Seagen and Genmab A/S jointly announced recently that the U.S. Food and Drug Administration (FDA) has granted accelerated approval for the antibody conjugate drug (ADC) Tivdak (tisotumab vedotin-tftv) for the treatment of adult patients with recurrent or metastatic cervical cancer whose disease has progressed during or after chemotherapy. It is the twelfth ADC approved by FDA. The approval is based on tumor remission and remission persistence data, and subsequent full approval for this indication will depend on the validation and characterization of the clinical benefit in confirmatory clinical trials.
Tivdak will provide a new monotherapy option for women with recurrent or metastatic cervical cancer who have progressed after first-line chemotherapy and for whom there are limited treatment options available.
Tivdak is a first-in-class ADC targeting tissue factor (TF), a cell surface protein expressed on a variety of solid tumors, including cervical cancer, that is associated with tumor growth, angiogenesis, metastasis, and poor prognosis. Patients with previously treated recurrent and/or metastatic cervical cancer typically exhibit very limited objective remission rates to standard therapies, typically less than 15%, with a median overall survival (OS) of only 6.0-9.4 months.
This approval is based on the results of the pivotal Phase II innovaTV 204 study. The data were presented at the European Society for Medical Oncology (ESMO) Virtual Congress in September 2020. The results showed significant efficacy of Tivdak as a monotherapy, providing clinically meaningful and durable objective remissions: an overall remission rate (ORR) of 24%, median duration of remission (DOR) of 8.3 months, and a manageable safety profile.
innovaTV 204 is an ongoing, single-arm, global, multicenter study in 101 patients with recurrent or metastatic cervical cancer who have received prior dual chemotherapy (with or without bevacizumab) but whose disease progressed, or who have received at least 2 therapies (including at least one platinum-containing chemotherapy) for recurrent and/or metastatic disease. The study evaluated the efficacy and safety of Tivdak (administered every 3 weeks). The primary endpoint was the objective remission rate (ORR) as assessed by a blinded independent center review (BICR), with key secondary endpoints including duration of remission (DOR), progression-free survival (PFS), overall survival (OS), safety and tolerability.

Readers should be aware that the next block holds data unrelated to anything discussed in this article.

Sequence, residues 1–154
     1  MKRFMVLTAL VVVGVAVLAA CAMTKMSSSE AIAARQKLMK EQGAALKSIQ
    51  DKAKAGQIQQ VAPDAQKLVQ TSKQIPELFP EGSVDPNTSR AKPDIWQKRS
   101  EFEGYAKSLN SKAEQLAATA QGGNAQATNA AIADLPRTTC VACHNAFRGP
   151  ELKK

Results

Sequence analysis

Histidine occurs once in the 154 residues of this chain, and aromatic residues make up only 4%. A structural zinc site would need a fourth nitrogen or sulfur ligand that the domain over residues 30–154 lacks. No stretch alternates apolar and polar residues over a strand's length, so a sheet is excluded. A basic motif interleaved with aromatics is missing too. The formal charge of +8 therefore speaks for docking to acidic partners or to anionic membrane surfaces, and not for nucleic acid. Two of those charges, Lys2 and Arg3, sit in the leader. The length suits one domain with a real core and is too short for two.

The results showed that the ORR of Tivdak treatment was 24% (95% CI:15.9-33.3%), with a complete remission rate (CR) of 7% (7 cases) and a partial remission rate (PR) of 17% (17 cases). The median follow-up was 10 months or with a median DOR of 8.3 months (95% CI:4.2-not reached). The median time from initiation of treatment to remission was 1.4 months (range: 1.1-5.1), and treatment response was generally observed within the first 2 treatment cycles. Subgroup analysis showed that remission rates were generally consistent between subgroups, regardless of tumor histology, number of prior therapies received, response to prior systemic regimens, and dual chemotherapy combined with bevacizumab as first-line therapy.
The median PFS was 4.2 months (95% CI:3.0-4.4) and 6-month PFS rate was 30% (95% CI:20.8-40.1). The median OS was 12.1 months (95% CI:9.6-13.9) as well as a 6-month OS rate of 79% (95% CI:69.3-85.6). The most common treatment-related adverse events (≥20%) in the study included alopecia, rhinorrhea, nausea, conjunctivitis, fatigue, and dry eye.
These results confirm that Tivdak induces clinically meaningful and durable remissions with a controlled and tolerable safety profile in patients with this difficult-to-treat cervical cancer. The approval of Tivdak for marketing is a major step forward for women with recurrent or metastatic cervical cancer.
Mechanism of action of tisotumab vedotin (image source: immunopaedia.org.za)
Cervical cancer originates in the cells of the cervix, and the disease remains one of the leading causes of cancer death in women worldwide, killing more than 311,000 women each year, the vast majority of them in developing countries. In developed countries, routine medical checkups and human papillomavirus (HPV) vaccination have reduced the incidence of cervical cancer. Despite these advances, many women are still diagnosed with cervical cancer that frequently recurs or metastasizes and can have devastating effects.
Tivdak's active pharmaceutical ingredient is tisotumab vedotin, an ADC drug that targets tissue factor (TF), combining Genmab's TF-targeting monoclonal antibody tisotumab with Seattle Genetics' ADC technology, which is designed to target TF antigens on cancer cells and deliver the cytotoxic agent MMAE ( monomethyl auristatin E) directly into cancer cells. In cancer biology, TF is a protein involved in tumor signaling and angiogenesis and is overexpressed in the vast majority of patients with cervical cancer and in many other solid tumors, including ovarian, lung, pancreatic, colorectal, and head and neck cancers. Based on the high expression and rapid internalization of TF factors in many solid tumors, TF is an ideal target for the development of ADC drugs.
Tivdak is currently being developed jointly by Seattle Genetics and Genmab as a monotherapy or in combination with other therapies for the treatment of recurrent and/or metastatic cervical cancer, ovarian cancer and other solid tumors. In addition, they are also evaluating the drug for weekly or 3-weekly dosing regimens.
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